How bad can sun behave?

We depend on the sun. Without it our world would be very cold, dark, and lifeless. It provides our light and heat. Since we are so dependent on it, we are also vulnerable to any fickle behaviour it might get up to.

We are familiar with its more or less regular sunspot cycle, where the level of magnetic activity and consequently the number of sunspots rises and falls over a period of 10-13 years. However, at various times in the past, such as the period 1645-1715, its behaviour changed; its magnetic activity decreased dramatically, sunspots became rare and our star got slightly dimmer, resulting in a cooling climate and weather cold enough for the River Thames in London to freeze over. This is very unusual. Then, around 1715 the cycle restarted and we returned to the behaviour pattern we are familiar with today. 

Solar magnetic activity drives solar storms, great clouds of ionized gas thrown off by the sun (better referred to as coronal mass ejections), and blasts of high energy particles and radiation can degrade or completely disrupt our technical infrastructure. So the big question is whether what we have seen the sun do since we started watching it is typical, or can it get worse.

The sun is 4.5 billion years old and about halfway through its life. What we have seen over a few hundred years and in more detail over a few decades is not really representative. However, as we exploit our planet's resources more completely, and become more and more dependent on technical infrastructure, it becomes increasingly important that we find out.

The sun is a fairly average yellow dwarf star, powered by nuclear fusion – the conversion of hydrogen into helium. Solar rotation and complex flows of extremely hot gas and magnetic fields inside the sun generate enormous electrical currents and in the process generate more magnetic fields. This process is known as the solar dynamo. These magnetic fields permeate the interior of the sun and erupt through the surface and out into space. Patches of strong magnetic field on the solar surface are known as active regions.

In some places the magnetic fields are so strong they interfere with the outward flow of energy, creating cooler patches, known as sunspots. The magnetic fields are the troublemakers. They can change the efficiency with which the sun radiates energy into space and, being elastic, enormous amounts of energy can be stored in them through stretching and twisting. Energy stored over days can be released in seconds, providing the energy for solar flares and coronal mass ejections. We need to know whether the patterns of solar behaviour we know of are typical. Can it get worse, or better? One approach being investigated is to look at sun-like stars.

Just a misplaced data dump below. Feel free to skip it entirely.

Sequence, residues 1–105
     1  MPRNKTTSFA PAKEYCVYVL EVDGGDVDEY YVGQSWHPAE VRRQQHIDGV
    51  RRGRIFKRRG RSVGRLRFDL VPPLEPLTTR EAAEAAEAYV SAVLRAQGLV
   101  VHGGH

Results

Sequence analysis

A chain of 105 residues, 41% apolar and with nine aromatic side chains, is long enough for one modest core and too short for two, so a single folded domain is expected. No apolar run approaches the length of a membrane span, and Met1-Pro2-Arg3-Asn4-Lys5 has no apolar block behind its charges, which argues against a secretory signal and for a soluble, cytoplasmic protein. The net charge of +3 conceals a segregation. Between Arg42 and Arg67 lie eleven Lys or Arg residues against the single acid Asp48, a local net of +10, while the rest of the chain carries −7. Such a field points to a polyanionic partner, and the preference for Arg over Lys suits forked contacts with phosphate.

The sun is a fairly average yellow dwarf star, and our neighbourhood in the Milky Way contains a fair number of similar stars, some older, some younger, and some of these stars have been monitored for many years. Some of them show similar magnetic activity cycles, and some don't. Maybe these stars are doing what the sun did in the late 17th Century. Interestingly though, it looks as though in general those sun-like stars are more magnetically active than ours has been. 

The engine driving the magnetic activity is driven by the sun's rotation. For some reason, as yet unknown, the sun is rotating more slowly than those other sun-like stars, which would explain why they are more active, but it does not really help us with the fundamental question, namely how badly can the sun behave. We need to know.

  • Venus still dominates the western sky after sunset, but is slowly sinking back into the sunset glow.
  • Mars, Jupiter and Saturn lie low in the southeast before dawn. Mars is to the left; Jupiter and Saturn lie close together.
  • The moon will reach last quarter on the 14th.


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About the Author

Ken Tapping is an astronomer born in the U.K. He has been with the National Research Council since 1975 and moved to the Okanagan in 1990.  

He plays guitar with a couple of local jazz bands and has written weekly astronomy articles since 1992. 

Tapping has a doctorate from the University of Utrecht in The Netherlands.

[email protected]

The views expressed are strictly those of the author and not necessarily those of Castanet. Castanet does not warrant the contents.

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